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Preferred Stock ETFs Face New Test

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Preferred stocks offer the distinction of being unique hybrid instruments with qualities of both stocks and bonds. In that manner, they offer healthy dividend yields alongside a favored position in the capital structure of many companies that issue these securities.

The reason companies issue preferred shares is to raise capital from investors that are seeking an attractive yield without adding traditional debt (bonds) that carry strict maturity dates and covenants. Preferred stocks can also be “callable” from the issuer, which has the right to redeem them at a certain price or time at their discretion.

Sometimes the prices of preferred stock indexes follow the path of the stock market and other times they follow a closer inverse relationship to interest rates, like bonds. The result is an alternative income producing asset class with distinctive risk and reward dynamics that must be carefully considered before adding them to your portfolio.

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The largest exchange-traded fund in this space is the iShares S&P US Pref Stock Idx Fnd (ETF) (NYSEARCA:PFF). This well-known index-based ETF invests in a basket of nearly 300 preferred stock issues of primarily publicly traded U.S. companies. Think companies like Wells Fargo & Co (NYSE:WFC), HSBC Holdings PLC (ADR) (NYSE:HSBC), and GMAC Capital (ALLY).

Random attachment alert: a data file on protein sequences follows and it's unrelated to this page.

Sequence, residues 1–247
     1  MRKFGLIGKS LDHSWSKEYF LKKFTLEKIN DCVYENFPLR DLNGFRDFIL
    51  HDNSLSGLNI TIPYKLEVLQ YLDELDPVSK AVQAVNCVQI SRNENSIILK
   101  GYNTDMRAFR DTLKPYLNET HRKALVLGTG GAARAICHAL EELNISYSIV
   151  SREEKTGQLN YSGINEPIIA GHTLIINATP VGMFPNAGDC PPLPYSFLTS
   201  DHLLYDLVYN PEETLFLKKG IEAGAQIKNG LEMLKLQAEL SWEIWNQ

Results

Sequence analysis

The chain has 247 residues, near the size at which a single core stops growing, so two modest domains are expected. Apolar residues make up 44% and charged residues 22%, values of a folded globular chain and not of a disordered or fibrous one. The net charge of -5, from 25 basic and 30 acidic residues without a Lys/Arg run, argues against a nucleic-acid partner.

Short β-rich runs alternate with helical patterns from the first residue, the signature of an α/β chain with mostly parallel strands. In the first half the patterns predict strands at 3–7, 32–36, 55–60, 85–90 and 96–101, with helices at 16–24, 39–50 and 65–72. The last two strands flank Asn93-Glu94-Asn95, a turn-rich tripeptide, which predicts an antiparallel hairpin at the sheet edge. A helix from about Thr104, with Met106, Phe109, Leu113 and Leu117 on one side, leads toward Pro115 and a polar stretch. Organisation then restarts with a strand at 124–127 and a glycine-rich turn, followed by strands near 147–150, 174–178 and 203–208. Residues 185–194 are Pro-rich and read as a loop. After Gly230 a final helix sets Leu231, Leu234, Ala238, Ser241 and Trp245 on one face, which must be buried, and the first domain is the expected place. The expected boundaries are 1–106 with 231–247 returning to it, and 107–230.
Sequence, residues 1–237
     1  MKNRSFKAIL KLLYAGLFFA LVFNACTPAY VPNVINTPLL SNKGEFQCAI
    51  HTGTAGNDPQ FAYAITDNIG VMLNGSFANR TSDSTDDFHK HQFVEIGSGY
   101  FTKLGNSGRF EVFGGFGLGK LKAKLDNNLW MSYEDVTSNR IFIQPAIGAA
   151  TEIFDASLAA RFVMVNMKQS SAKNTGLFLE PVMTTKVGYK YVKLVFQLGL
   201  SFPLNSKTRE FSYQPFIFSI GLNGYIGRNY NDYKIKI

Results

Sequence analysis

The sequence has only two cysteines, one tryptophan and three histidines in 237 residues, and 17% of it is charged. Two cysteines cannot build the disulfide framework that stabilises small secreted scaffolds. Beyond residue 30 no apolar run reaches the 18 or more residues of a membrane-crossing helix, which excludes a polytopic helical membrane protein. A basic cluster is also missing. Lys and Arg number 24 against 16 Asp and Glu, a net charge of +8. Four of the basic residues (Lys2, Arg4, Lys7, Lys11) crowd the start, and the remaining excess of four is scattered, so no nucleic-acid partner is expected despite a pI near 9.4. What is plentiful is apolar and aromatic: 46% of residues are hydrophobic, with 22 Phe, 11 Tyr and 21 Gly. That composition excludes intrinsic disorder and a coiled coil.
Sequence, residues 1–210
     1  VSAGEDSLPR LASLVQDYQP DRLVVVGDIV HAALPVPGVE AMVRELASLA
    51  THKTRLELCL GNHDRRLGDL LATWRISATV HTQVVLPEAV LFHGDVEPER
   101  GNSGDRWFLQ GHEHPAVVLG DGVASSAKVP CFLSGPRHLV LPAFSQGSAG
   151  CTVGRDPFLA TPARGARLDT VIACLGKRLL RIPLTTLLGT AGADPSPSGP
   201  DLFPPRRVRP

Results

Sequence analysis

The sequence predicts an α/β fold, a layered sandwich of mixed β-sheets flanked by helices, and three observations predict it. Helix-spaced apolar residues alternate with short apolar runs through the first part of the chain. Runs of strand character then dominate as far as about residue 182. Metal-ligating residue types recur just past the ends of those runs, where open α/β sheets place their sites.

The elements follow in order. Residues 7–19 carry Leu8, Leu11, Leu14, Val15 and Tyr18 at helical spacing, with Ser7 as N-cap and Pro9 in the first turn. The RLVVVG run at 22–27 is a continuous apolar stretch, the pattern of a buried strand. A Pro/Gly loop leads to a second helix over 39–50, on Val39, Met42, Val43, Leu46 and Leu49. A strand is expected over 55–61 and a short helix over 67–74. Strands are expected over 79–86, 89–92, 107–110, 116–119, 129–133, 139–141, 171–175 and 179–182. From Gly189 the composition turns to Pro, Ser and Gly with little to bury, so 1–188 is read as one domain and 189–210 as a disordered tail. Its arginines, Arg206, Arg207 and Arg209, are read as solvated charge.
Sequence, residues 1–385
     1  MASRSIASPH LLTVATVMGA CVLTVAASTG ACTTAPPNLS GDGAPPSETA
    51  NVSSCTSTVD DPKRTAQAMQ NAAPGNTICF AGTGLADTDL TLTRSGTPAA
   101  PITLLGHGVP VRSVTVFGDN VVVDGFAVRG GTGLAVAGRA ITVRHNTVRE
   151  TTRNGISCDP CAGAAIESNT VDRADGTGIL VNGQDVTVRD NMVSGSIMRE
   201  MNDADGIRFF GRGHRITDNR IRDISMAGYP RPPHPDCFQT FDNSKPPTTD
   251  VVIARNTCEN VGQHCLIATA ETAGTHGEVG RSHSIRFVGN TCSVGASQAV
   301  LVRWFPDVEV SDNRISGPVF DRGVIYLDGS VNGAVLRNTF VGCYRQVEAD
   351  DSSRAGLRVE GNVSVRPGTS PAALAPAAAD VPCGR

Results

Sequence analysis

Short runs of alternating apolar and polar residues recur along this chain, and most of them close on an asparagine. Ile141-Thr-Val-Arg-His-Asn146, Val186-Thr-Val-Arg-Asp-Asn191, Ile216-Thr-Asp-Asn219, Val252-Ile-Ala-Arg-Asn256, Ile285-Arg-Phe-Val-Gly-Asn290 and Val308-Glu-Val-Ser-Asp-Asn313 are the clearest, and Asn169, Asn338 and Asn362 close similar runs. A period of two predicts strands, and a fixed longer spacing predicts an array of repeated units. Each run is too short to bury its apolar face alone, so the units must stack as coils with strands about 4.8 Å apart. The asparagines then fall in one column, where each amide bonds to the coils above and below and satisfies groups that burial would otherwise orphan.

The sector makeup of PFF is overwhelmingly dominated by banking, financial, insurance, and real estate stocks. Currently this ETF offers a 30-day SEC yield of 5.28% and charges an expense ratio of 0.47% annually as well.

Examining its recent one-year chart below, it’s notable that iShares S&P US Pref Stock Idx Fnd (ETF) (NYSEARCA:PFF) peaked near the bottom in interest rates in mid-2016 and has been slowly trying to reclaim that prior high. This fund has once again come under fire as signals of more frequent Federal Reserve rate hikes spook interest rates back to the top of their recent range.

The next big test for iShares S&P US Pref Stock Idx Fnd (ETF) (NYSEARCA:PFF) is whether it will be able to hold its long-term 200-day moving average or if it gets sucked down once again by sharply rising Treasury yields. It appears that once again this index is taking its cues from bond holders in terms of its recent price action.

Some investors may be under the impression that PFF is the only ETF in this category because of its dominating $17 billion in total assets that dwarfs the competition. However, there are several options for investors to consider in this category with varying portfolio fees and characteristics.

The PowerShares Preferred Portfolio (ETF) (NYSEARCA:PGX) is the second largest ETF in this class with $4.5 billion in total assets. The underlying PowerShares Preferred Portfolio (ETF) (NYSEARCA:PGX) portfolio and historical returns are markedly similar to PFF, which is why these funds are often interchangeable in terms of security selection.

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